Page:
Traders getting their early morning coffee at the commissary of the New York Stock Exchange were more animated than usual this morning, discussing the pros and cons of the government's intervention in Fannie and Freddie. "The government has unlimited checks so they can keep writing them," one trader said. "So much for all the tough talk, so much for letting firms fail."
But that trader was in the minority. Most felt that the feds had no other choice, that these two firms really were too big too fail.
So now Fannie and Freddie can borrow from the Federal Reserve's discount window. Treasury will pursue increasing the credit lines the companies currently have, and will consider an equity investment.
Congress is about to go on recess for August, and we are in an election year, so it's not clear how fast they will pass a bill that will allow Treasury to buy debt and make a capital infusion into both these institutions.
One side issue is what this does to the housing bill--after all, we are asking Fannie and Freddie to take on a significant amount of new business by helping homeowners refinance; will that $300 billion for refinancing stay in the bill? Reform legislation will clearly be strengthened; the Federal Reserve will now have a consultative role by in setting capital requirements.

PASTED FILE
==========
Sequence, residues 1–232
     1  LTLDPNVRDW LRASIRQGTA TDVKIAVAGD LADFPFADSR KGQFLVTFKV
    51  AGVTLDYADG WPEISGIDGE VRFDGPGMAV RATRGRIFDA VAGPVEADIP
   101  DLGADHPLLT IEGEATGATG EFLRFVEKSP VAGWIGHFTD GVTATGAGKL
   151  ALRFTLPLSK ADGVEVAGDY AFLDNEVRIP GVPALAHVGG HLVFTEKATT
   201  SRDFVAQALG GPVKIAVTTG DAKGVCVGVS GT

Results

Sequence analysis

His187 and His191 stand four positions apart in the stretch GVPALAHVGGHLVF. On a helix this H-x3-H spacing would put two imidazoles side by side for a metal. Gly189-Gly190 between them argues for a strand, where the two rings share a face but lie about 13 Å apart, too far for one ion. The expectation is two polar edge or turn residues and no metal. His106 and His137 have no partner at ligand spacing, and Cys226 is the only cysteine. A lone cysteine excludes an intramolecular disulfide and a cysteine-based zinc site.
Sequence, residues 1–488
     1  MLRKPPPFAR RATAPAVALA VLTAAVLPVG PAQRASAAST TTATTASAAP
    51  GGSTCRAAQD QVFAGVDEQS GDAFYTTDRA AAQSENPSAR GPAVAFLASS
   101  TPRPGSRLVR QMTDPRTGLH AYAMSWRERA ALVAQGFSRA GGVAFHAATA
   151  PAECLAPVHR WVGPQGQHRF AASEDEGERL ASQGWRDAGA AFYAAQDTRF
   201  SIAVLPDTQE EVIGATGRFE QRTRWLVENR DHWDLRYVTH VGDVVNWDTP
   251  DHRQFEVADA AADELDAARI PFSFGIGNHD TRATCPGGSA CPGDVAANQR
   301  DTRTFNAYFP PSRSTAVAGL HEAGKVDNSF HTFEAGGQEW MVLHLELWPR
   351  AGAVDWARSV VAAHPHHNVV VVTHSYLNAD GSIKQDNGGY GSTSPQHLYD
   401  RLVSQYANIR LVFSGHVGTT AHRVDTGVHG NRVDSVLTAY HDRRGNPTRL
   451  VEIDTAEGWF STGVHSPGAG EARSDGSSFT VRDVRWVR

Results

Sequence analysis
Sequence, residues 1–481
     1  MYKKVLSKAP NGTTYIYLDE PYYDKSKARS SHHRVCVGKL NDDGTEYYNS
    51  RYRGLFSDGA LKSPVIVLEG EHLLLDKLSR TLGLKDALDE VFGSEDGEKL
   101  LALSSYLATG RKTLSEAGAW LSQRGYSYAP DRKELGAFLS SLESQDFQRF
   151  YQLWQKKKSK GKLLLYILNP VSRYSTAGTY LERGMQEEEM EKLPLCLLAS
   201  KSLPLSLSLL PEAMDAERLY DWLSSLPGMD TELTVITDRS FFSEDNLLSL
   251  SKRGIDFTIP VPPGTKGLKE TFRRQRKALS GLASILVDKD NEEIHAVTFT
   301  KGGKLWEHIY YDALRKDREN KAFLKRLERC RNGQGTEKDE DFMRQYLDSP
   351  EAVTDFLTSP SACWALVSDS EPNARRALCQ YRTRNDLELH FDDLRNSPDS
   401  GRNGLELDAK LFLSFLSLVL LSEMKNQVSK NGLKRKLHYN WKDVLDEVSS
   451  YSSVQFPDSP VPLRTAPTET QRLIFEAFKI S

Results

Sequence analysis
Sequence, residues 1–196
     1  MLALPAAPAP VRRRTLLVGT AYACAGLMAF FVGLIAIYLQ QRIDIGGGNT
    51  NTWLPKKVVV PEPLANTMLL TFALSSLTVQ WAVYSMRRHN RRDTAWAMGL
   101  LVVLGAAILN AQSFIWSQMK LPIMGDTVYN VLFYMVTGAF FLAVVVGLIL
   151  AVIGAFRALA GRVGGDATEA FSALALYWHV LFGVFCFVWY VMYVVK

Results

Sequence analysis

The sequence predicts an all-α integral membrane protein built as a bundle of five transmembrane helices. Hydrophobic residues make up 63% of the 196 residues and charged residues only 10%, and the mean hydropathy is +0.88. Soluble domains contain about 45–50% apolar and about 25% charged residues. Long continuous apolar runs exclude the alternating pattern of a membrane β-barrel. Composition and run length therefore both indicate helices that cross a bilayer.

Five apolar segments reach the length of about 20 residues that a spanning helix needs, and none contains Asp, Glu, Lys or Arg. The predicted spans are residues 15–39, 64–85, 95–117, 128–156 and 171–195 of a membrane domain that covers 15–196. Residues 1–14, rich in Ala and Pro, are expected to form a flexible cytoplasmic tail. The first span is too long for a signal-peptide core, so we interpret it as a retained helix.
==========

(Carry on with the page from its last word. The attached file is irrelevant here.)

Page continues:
Fannie and Freddie both trading up nearly 30 percent on heavy volume. Other financials like AIG,Citi and Wachovia Bank are also trading up.
Will any of this matter to the stock market? We will certainly get a modest boost at the open; what we are lacking is any conviction we are near a bottom. Lacking a strong base of buyer enthusiasm, most traders I have spoken with have not become notably more bullish this morning.
1) Positive comments on Lehman. The strengthening of its funding base and its support from the Federal Reserve should enable it to survive any crises of confidence, says Sanford C. Bernstein & Co analyst Brad Hintz. His commentary may carry a little more weight, since he is the former CFO of Lehman. Lehman up 16 percent pre-open, also on heavy trading.
2) Allegheny Technologies up 11 percent, as they raised their Q2 guidance;
3) In light of all this, the abrupt conclusion of the Anheuser-Bush and InBev deal for $70 a share seems a little anticlimactic. The main point is that while global M&A may have slowed dramatically, it hasn't come to a halt. Remember last week's big deals in the chemical business: Dow Chemical-Rohm and Haas, and Ashland buying Hercules. All three of these deals were at substantial premiums.
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